Clinical Research

COVID-19 and fat embolism: a hypothesis to explain the severe clinical outcome in people with obesity

As the number of confirmed cases of COVID-19 surges past 4.7 million globally and deaths surpass 315,000, clinicians and pathologists are untiringly working to comprehend the damage produced by the coronavirus through the body. They are understanding that, yet the lungs are massively deranged, COVID-19 infection can outspread to many organs including the blood vessels and heart, gut, brain, and kidneys [1]. A systemic therapeutic approach is necessary; we thus analyzed a global interpretation of multi-organ symptoms and signs to propose a new pathogenetic hypothesis, with potential drug therapy implications, in COVID-19 people with obesity. Recent studies point to obesity as a critical risk factor for being hospitalized with COVID-19 [2,3,4]. Indeed, a high prevalence of obesity has been observed in COVID-19 patients requiring invasive mechanical ventilation [5], a robust proxy of SARS-CoV2 severity. In patients under the age of 60, those with obesity were at almost double risk of being admitted to critical care when compared with normal-weight patients [6].

Of note, coagulation and fibrinolysis are altered in obesity, mainly due to a high plasma concentration of multiple pro-thrombotic factors—including plasminogen activator inhibitor-1, fibrinogen, von Willebrand factor, and factor VII—than nonobese subjects [7]. Although the cause of pro-thrombotic milieu in obese organs is poorly understood, the increased plasma levels of interleukin-6 (IL-6), tumor necrosis factor-α (TNF-α), and leptin seem to play important roles [7]. Obesity is associated with increased expression of inflammatory mediators in adipose tissue and this inflammation interferes with glucose metabolism (also named metaflammation) in both animals and humans, mainly due to macrophage infiltration [8, 9]. This macrophage infiltration originates from adipocyte necrotic death, a consequence of the obesity-induced adipocyte hypertrophy and inflammasome activation [10]; importantly, the white adipocytes of visceral depots have a lower critical death size, with a consequent higher inflammatory response, than subcutaneous fat cells [11]. Thus, abundant free lipid droplets—released from dead adipocytes—are present in the extracellular space of adipose tissue (or adipose interstitium), particularly in visceral fat, to be removed by macrophages [10], whose chronic activation causes the release of abnormal amounts of IL-6 and TNF-α. Also, adipocyte size is a determinant of leptin production, and hyperleptinemia has been related to increased thrombotic risk in obesity [12]. Accordingly, the adipocyte hypertrophy and consequent adipose metaflammation are responsible for the altered coagulation observed in people with obesity [13].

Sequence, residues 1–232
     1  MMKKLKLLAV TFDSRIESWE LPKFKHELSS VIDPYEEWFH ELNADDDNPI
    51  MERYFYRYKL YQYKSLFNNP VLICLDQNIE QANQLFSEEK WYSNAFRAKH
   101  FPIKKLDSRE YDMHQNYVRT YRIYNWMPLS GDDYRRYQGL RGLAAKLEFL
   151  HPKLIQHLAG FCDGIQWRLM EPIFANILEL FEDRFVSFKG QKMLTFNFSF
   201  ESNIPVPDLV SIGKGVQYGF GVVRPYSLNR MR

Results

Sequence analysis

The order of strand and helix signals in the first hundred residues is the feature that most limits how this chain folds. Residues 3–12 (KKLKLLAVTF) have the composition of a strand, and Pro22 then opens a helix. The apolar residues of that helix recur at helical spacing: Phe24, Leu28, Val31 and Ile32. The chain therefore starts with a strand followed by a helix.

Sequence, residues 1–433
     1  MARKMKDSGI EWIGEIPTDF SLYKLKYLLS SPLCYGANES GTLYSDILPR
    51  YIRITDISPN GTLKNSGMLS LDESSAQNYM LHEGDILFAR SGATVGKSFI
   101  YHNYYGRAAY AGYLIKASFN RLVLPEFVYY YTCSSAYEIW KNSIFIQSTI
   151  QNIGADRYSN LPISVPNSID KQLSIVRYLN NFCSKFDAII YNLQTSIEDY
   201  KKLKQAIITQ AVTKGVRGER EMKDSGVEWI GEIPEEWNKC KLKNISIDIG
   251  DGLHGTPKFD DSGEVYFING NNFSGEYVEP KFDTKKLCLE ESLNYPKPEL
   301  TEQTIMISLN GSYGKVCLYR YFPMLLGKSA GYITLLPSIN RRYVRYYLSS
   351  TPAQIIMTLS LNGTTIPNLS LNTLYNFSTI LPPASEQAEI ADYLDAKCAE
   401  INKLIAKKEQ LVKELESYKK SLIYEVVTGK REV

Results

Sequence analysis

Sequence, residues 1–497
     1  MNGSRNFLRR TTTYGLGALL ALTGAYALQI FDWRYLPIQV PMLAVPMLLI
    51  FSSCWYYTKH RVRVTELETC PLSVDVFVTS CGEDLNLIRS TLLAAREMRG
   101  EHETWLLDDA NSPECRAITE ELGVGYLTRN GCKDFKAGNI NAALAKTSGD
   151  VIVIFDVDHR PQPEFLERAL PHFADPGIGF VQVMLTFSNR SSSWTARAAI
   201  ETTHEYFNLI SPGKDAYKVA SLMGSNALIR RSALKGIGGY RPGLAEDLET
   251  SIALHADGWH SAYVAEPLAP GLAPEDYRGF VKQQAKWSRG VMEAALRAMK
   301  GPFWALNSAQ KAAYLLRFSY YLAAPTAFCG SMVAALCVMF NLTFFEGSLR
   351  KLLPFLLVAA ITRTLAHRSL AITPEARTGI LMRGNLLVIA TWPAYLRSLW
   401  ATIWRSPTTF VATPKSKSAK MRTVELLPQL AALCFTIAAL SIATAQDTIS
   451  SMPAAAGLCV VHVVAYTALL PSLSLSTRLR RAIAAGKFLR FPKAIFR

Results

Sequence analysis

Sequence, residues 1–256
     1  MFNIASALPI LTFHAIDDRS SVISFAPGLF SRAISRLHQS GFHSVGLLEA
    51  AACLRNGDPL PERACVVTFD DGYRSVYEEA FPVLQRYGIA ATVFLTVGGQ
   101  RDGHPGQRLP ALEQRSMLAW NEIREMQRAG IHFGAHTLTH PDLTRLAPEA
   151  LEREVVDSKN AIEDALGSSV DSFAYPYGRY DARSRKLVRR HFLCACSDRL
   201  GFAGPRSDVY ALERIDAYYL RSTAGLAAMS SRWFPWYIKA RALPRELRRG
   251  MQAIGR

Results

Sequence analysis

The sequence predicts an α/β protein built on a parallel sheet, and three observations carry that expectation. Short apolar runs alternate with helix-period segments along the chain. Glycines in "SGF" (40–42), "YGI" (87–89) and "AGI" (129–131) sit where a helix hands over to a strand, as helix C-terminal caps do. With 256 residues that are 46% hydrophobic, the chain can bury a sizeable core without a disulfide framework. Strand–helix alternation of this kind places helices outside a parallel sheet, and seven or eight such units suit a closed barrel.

SARS-CoV-2 (Fig. 1) contaminates multiple cell types in different organs, and—since adipocytes express the membrane-bound glycoprotein angiotensin-converting enzyme 2 (ACE2) [14], the critical receptor mediating the virus entry—there is no reason to think that the adipose organ is saved. SARS-CoV-2 fat infiltration could worsen adipose inflammatory status in the expanded adipose tissues of obese patients, as ACE2 is more expressed in obese mice [14]. In addition, the SARS-CoV-2-infected adipocytes would massively undergo necrotic death, as shown in other cell types [15], exacerbating lipid remnant accumulation in the adipose interstitium, with free lipid droplets that, in turn, could predispose COVID-19 patients with obesity to fat embolism syndrome (FES). FES is a miscellanea of respiratory, hematological, neurological, and cutaneous symptoms and signs—related to trauma or multiple surgical and medical complications—and due to fat embolism in the microcirculation [16]. Of note, obesity per se was never described as a cause of FES [17,18,19]. Clinical diagnosis of FES is difficult, especially when unsuspected in the absence of severe trauma or bone fractures. Noteworthy, the diffuse ground-glass opacities described in COVID-19 lung computed tomography scans are strongly reminiscent of the bilateral pulmonary patchy infiltrates leading FES patients to develop acute respiratory distress syndrome [20]. Further, primary FES diagnostic criteria include petechial rash and central nervous system signs, that have recently been observed in COVID-19 case [21, 22]. Strikingly, we have found clear evidence of fat embolism in autoptic lung specimens from two adult COVID-19 patients (one male and one female) with overweight (Fig. 2), suggesting that this might be a very relevant pathological event, with severe consequences for drug management. Of note, lipid-like structures were also found in the lumen of mesenteric venous vessels of one of the two patients (not shown).

Fig. 1: Electron microscopy of isolated SARS-CoV-2 at the external plasma membrane of Vero E6 cell in culture.
figure1

Bar: 100 nm (in collaboration with Prof. Patrizia Bagnarelli and Prof. Stefano Menzo, Department of Biomedical Sciences and Public Health, Virology, Marche Polytechnic University—United Hospitals of Ancona, Italy).